Posted Wednesday, 17-Aug-2016
Return to Whitechapel; Twilight Struggle gets a sequel; Ultimate Werewolf gets the Legacy treatment – and more, in this week’s Board Game News Brief
Ripped from the pages of history, Letters from Whitechapel is a game of cat and mouse between serial killer Jack the Ripper and the police trying to close the net. Since its original release in 2011, Letters has enthralled players with its historical accuracy and tense hidden movement gameplay – and now the first expansion has been unveiled.
Taking its name from the first line of one of the killer’s letters, Dear Boss adds three modules to the game – one for the police, and two for Jack – these modules add historical characters with special abilities that can be triggered by either player, and are meant to be mixed into the game as balance tuners – if Jack always wins, adding the police module might help swing the game.
Dear Boss also comes with minis!
The follow up game from Twilight Struggle designers Ananda Gupta and Jason Matthews has finally been announced.
Imperial Struggle covers the conflict between England and France between 1697 and 1789 – a period known as the Second Hundred Years War – even though 4 wars actually took place during this time.
During peacetime, players will seek out diplomatic, military, or economic opportunities by taking investment tiles – fortify alliances with other European nations, expand your control of natural resources and swell your armies and navies.
In war, players can seize territory from their opponent: from the Americas to faraway India. The game has no dice and relies on build up during peacetime to see who wins during war.
Imperial Struggle is currently available through GMT game’s P500 pre-order system, although there’s really little doubt that the game will make it to retail given its legacy.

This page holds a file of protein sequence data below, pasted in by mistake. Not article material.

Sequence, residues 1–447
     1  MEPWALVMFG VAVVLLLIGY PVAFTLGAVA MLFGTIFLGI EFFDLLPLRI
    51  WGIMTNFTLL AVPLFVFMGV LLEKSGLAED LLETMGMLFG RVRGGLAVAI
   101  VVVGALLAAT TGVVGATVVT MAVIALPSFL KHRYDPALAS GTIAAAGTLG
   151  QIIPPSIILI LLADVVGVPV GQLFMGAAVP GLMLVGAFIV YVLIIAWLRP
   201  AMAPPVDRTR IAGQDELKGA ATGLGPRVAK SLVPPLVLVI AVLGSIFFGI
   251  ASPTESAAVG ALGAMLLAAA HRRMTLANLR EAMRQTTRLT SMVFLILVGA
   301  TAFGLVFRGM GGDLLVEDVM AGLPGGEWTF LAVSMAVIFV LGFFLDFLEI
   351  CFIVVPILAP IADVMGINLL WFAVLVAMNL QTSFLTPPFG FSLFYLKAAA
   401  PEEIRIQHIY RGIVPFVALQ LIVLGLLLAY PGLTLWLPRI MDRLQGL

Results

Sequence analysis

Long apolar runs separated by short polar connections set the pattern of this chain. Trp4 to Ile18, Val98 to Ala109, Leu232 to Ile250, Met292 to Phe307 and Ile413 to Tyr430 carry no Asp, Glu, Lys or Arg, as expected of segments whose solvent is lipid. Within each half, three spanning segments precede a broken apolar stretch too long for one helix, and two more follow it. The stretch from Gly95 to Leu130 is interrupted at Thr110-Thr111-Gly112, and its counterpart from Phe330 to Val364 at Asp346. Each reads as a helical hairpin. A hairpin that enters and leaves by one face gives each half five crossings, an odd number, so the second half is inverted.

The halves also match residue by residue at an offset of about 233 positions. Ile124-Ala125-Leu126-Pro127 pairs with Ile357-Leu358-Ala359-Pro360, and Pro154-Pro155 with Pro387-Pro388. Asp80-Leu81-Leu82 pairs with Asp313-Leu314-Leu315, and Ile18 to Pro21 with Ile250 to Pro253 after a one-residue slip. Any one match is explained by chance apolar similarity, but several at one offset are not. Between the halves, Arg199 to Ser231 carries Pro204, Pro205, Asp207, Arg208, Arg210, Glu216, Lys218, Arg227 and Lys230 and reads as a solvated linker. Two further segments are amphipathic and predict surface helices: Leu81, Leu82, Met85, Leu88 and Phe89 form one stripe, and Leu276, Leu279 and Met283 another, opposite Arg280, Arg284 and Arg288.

The straightforward name hides a game of deceit and science fiction space battles. The game’s 300 cards (6 unique 50-card decks) can be played face up or face down – allowing players to carefully manipulate their opponents while staying on the right side of their energy costs – as cards that cannot be paid for must be discarded without effect.
With stellar (ehehe) art and intriguing gameplay, War Co. is worth a look if you’re into the idea of a scifi game that can accommodate a large variety of player counts.
From the designer of Cthulhu Wars Sandy Petersen comes his next ambitious project, The Gods War (subtitle: Glorantha)
Yes, the minis are enormous. Yes, it’s asymmetric strategy – The Gods War places players in charge of 4 highly distinct pantheons as they struggle over a dying, changing world, with a map that changes as you play.
If you want a game of truly epic proportions with miniatures to match, go give The Gods War a look. The minis really are absurdly huge.
Bringing things back down to earth is Unfair.
Build your roller coasters and sabotage the competition! With 4 fantastical themes (Pirates, Robots, Vampires, and Jungle) to choose from, Unfair is a tableau building game with slick art, quick play, and bribing, backstabbing, and blackmail.
The classic game of social deduction gets a Legacy upgrade. Co-designed by Ted Alspach and Rob Daviau, events of one game now ripple into future games, with players able to attain titles and play in a campaign mode – with chapters designed to follow one another in an unfolding narrative. Moderators can also change in between the 3 games in each chapter.
No word yet on other components must be destroyed/altered or whether the Legacy aspect is limited to persistent narrative tweaks – but we’ll learn more as the game grows closer to its release.
Published by BoardGamePrices.com